To Be Continued


1 Torben Nielsen { 06.01.19 at 18:47 }

How do we know that Sridhar Maharaj (speaking of ‘great sinister movement’) was not just inflating/goating these 11 puffed-up guru-wannabees (Narada Muni style) to ‘speed up’ events that was anyway not able to be salvaged, given the circumstances already taken to a point of no return? Should he have doubted/dismissed/rejected Jayapataka Maharaja´s (and leading godbrothers) words that they were appointed by Srila Prabhupada? And could he have done that and if so what would have been the consequences?

2 Kailasa Candra das { 06.02.19 at 08:55 }

He was also told that the basis of the new gurus was that they had first been appointed as rittviks, to which Swami B.R. Sridhar replied: “Rittvik-acharya, then it becomes as good as acharya (diksha-guru).” As far as his quickening an inevitability is concerned, how can you know? The zonal imposition was not at the point of no return until the GBC voted the system into existence, and it was then implemented in April, but Swami B.R. Sridhar was first consulted, a number of times, BEFORE that vote. Simultaneously, the GBC also allowed the Acharya Board to be an approved ontological entity, and this had also been advised by the Navadvipa mahant previous to the GBC resolutions of 1978. If he had the pure preservation of Prabhupada’s movement at heart, he would not have given all the bad advice that already compromised ISKCON leaders had sought in order to have their scam “authorized by higher authority.” Anyone who rationalizes that bad advice on the speculation that he was merely quickening the so-called inevitable is skating on thin ice. Judge by the results. Judge what a person says and/or does, not by his so-called motive.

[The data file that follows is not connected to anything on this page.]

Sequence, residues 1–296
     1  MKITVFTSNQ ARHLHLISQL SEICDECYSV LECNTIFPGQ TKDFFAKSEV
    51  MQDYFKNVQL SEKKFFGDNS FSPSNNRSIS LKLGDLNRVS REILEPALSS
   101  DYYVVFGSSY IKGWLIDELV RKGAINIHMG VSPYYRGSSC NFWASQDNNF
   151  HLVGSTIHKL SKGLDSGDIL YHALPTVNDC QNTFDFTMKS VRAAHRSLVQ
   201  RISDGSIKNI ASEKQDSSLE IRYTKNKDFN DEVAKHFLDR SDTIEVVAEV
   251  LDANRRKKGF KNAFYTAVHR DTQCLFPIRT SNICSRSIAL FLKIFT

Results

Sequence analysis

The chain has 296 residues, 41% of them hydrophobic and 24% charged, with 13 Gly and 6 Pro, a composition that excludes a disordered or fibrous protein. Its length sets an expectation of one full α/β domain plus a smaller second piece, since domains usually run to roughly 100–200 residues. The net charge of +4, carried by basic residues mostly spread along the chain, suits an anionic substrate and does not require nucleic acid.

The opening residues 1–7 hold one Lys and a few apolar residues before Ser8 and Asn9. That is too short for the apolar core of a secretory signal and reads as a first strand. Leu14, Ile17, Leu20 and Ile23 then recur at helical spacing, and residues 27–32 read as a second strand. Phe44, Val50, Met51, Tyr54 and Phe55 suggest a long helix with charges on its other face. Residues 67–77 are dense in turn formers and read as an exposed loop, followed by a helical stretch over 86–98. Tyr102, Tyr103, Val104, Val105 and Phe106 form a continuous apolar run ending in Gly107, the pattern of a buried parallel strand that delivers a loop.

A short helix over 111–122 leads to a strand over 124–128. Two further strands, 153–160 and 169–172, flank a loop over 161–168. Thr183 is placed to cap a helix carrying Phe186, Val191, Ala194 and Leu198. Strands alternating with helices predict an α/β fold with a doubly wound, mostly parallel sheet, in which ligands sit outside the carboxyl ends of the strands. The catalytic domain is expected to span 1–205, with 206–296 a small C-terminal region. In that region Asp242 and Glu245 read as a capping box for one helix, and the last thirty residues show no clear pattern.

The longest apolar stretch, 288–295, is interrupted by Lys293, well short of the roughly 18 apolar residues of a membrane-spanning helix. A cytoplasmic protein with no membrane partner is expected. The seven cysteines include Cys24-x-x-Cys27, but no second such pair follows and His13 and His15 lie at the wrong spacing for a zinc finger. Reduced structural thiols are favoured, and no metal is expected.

3 Mick { 06.25.19 at 00:34 }

I’m sick of this sentimentalism surrounding Sridhara Maharaja, as typified by the above comments of Torben.

Read below: Srila Prabhupada catgeorically states that Srila Maharaja is an offender.

On whose authority did Sridhara Maharaja come to meddle in the affairs of Srila Prabhupada’s institution, in particular the completely apasiddhantic ‘selecting of acaryas?’ No one’s but his own mental speculation.

Sridhara Maharaja had done this offense before with Srila Bhaktisiddhanta Sarsvati Thakura’s institution. Now, in 1978, it was time do it again, once the true acarya had left.

‘So Sridhara Maharaja and his two associate gentlemen unauthorizedly selected one acarya and later it proved a failure.”

BUT SRIDHARA MAHARAJA IS RESPONSIBLE FOR DISOBEYING THIS ORDER OF GURU MAHARAJA, AND HE AND OTHERS WHO ARE ALREADY DEAD UNNECESSARILY THOUGHT THAT THERE MUST BE ONE ACHARYA. If Guru Maharaja could have seen someone who was qualified at that time to be acharya he would have mentioned. Because on the night before he passed away he talked of so many things, but never mentioned an acharya.”

(Letter to Rupanuga, 28/4/74)

Whenever Srila Prabhupada expressed any ‘positive sentiments’ towards Sridhara Maharja it was simply to try and save him from the offenses he had committed at the feet of his own guru. The fact that as soon as Srila Prabhupada left, he tried to pull the same stunt as he did previously, showed that he never genuinely took advantage of the mercy of Srila Prabhupada at any point.

4 Mark Goodwin { 06.28.19 at 14:06 }

“We find that some old devotees are trying to cry with crocodile tears, and that will not do. They have aided and abetted regicide, Prabhupada was a victim of their regicide and they are complicit. They can be forgiven when they can raise the dead. Until then, they need to reform the GBC. Sriman Kailasa Candra dasa and the Vaishnava Foundation know precisely what to do.”
Bhadravardhana dasa